Analysis: LNG Production to Grow by 50% More over Next Five Years
Evaluate Energy in recent analysis reported that liquefied natural gas (LNG) production will grow an additional 50 percent over the next five years if all known projects are completed.
Asia-Pacific LNG demand is strong, but growing shale gas volumes in the U.S., a trend unforeseen when the LNG projects were conceived and implemented, has lowered the expected demand curve, thereby eating into the potential profitability of these new facilities and postponing the vision that investors originally had of the role of these giant projects.
"It's hard to know which way round this is working: to what extent is additional spot LNG availability putting a lid on gas prices in North America or, alternatively, to what extent is additional shale gas supply in the U.S. undermining demand for LNG. But we do know that LNG spot cargoes have been offered at par with domestic gas prices in the U.S. for some time, giving much lower netback for producers than they might have been hoping for when they decided to invest in these megaprojects," Evaluate said.
National oil companies such as Qatar Petroleum, Sonatrach and Petronas continue to dominate the LNG business, but oil majors such as Shell, ExxonMobil, and to a lesser degree BP and Total, have substantially increased their exposure to the sector. By 2020, Shell will be the third largest equity holder in the global LNG business and ExxonMobil the fourth. This represents an estimated industry-wide capital cost of $200 billion over the next decade, based rising capital cost intensities of the new LNG projects.
ExxonMobil and other large international oil companies are investing in LNG in anticipation that natural gas will be the fastest-growing major fuel source. ExxonMobil noted in its Energy Outlook to 2030 this year that gas demand will grow for power generation, especially in Non-Organization for Economic Cooperation and Development countries. The shift away from coal to reduce carbon dioxide emissions also will boost demand for gas.
Major oil companies also have been finding it difficult to replace reserves organically and finding it even harder to gain access to reserves-rich countries while oil prices were rising. These considerations still apply, Evaluate said. However, horizontal drilling and fracking for shale gas "were a mere glint in a driller's eye" when many decisions were made to build these huge capital intensive, 'lumpy' projects.
"Forecasters expected the U.S. would need substantial imports of LNG as domestic gas production and imports from Canada fell. They fell into the classic forecasting error of projecting present trends into the future and not being fully aware of a real gamechanger, what Nicholas Taleb has called a "Black Swan".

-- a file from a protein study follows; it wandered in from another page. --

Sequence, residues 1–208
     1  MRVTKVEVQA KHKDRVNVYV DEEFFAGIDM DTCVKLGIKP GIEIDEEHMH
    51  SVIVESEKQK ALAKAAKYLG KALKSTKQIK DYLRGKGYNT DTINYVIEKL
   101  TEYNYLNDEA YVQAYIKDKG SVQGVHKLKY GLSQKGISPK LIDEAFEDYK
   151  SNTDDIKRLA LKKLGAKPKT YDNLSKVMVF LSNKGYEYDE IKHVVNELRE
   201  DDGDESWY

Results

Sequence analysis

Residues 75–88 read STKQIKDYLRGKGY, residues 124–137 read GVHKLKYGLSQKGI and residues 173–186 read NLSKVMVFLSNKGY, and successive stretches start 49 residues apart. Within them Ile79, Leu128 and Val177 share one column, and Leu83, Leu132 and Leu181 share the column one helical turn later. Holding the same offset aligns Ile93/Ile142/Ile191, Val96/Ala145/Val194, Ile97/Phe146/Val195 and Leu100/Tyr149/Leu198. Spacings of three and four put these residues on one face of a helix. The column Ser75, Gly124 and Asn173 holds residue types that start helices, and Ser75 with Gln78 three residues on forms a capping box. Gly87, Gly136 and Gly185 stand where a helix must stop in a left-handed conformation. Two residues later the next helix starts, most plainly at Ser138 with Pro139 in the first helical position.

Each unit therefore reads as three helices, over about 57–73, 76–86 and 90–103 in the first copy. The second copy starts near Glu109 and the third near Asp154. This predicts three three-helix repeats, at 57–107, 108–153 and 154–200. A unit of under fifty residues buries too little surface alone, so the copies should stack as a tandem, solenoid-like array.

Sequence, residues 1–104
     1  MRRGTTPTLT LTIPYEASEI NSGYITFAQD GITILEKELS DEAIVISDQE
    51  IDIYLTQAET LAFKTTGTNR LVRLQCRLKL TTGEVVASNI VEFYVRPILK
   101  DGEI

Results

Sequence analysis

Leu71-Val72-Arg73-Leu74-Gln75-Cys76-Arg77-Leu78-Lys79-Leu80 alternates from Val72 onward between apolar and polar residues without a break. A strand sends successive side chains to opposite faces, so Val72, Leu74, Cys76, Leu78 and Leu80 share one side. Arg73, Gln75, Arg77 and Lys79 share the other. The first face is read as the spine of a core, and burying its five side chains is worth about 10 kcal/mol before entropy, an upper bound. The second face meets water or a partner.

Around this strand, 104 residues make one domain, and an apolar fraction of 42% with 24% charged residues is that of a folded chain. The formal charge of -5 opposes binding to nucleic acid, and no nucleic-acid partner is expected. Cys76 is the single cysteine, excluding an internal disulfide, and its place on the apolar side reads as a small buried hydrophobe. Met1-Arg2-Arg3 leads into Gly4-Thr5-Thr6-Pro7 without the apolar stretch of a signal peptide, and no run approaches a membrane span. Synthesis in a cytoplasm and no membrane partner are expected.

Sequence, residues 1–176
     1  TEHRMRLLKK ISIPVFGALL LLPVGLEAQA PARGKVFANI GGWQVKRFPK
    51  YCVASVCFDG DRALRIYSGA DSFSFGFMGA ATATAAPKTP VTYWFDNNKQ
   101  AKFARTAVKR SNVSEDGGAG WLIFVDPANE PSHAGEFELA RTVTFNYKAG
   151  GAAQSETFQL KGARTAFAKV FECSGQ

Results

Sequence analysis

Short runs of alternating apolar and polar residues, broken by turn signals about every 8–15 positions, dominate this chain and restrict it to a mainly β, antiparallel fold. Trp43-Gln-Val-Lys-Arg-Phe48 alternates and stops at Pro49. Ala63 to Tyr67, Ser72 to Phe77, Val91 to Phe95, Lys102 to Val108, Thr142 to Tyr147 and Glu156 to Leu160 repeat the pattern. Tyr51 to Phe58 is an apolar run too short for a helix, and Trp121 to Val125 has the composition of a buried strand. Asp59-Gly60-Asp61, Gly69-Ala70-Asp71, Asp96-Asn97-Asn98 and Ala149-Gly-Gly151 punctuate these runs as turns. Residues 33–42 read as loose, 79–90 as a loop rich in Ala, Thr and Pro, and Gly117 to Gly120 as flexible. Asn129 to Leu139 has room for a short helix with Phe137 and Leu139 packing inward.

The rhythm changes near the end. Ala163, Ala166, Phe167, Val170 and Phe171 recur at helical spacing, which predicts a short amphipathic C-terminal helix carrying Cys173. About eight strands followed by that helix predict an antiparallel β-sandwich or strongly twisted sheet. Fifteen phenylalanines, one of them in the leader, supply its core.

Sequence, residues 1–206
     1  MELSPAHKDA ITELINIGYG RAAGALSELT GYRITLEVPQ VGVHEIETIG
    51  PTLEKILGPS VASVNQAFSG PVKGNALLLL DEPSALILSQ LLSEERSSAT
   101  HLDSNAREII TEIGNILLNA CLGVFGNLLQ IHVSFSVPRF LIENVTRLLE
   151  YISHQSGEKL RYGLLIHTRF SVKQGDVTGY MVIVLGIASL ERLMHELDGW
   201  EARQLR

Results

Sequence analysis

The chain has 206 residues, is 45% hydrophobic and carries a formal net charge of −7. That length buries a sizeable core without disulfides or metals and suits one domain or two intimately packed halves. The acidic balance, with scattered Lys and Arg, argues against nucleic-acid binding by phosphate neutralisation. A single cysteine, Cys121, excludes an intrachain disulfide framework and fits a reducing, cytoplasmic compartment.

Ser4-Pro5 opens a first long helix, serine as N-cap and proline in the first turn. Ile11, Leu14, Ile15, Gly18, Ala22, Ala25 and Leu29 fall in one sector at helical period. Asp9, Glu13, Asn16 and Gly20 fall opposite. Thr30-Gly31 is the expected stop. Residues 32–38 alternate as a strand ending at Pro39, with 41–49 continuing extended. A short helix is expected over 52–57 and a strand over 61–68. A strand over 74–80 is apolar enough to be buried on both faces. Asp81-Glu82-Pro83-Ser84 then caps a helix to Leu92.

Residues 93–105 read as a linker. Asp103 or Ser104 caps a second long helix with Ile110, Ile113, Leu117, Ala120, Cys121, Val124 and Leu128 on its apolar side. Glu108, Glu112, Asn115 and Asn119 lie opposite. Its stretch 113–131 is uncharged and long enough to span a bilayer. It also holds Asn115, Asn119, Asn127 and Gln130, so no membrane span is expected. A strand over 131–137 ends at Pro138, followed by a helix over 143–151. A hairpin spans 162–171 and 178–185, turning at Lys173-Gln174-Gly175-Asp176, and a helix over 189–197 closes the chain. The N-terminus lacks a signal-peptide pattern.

Instead, the U.S. now imports only small amounts of LNG from Egypt, Nigeria, Norway, Peru, Qatar, Trinidad and Tobago and the Yemen at prices that averaged just $4.81 per thousand cubic feet, according to the U.S. Energy Information Administration (EIA). These prices are only a shade higher than the depressed Henry Hub domestic marker price.
The outlook for LNG imports into the U.S. isn't likely to get better anytime soon. In its latest Annual Energy Outlook, the EIA estimates that the requirement for gas imports will be totally flat through 2020. "So we are moving into an era in which the potential exists for LNG imports into the U.S. but there is little demand for it."
Several companies are moving to propose new LNG export projects out of North America, offering a release valve for surplus natural gas. This might ease prices in North America but will have a knock-on effect in Asian markets. Import terminal developer Freeport is proposing a $2 billion 1.4 Bcf/d export facility at their existing import terminal in Texas for start-up in 2015.
Cheniere Energy is planning to make its existing regasification plant at Sabine Pass, La., into a bidirectional facility, allowing some 2.4 Bcf/d of LNG exports. The Kitimat project on the west coast of British Columbia has also changed plans to export rather than import LNG into the West Coast.
With new LNG capacity coming onstream so fast, a potential overhang of spot LNG is one the factors that may be keeping gas prices low in the U.S., Evaluate noted. "And as far as the LNG project owners are concerned in the producing nations – IOC and NOC [national oil companies] alike – it will be the pace of LNG demand growth in Asia relative to the build up in LNG production capacity that will dictate how tight or slack the LNG spot market will be over the next few years."
Recent signs are that Asian LNG demand is picking up, leading to an outrush of optimism among LNG shipowners and builders, but it is perhaps too early to say whether this is a temporary spurt or a sustainable surge. "That's the inherent problem of an industry that moves forward in large supply steps that are sometimes out of line with demand."
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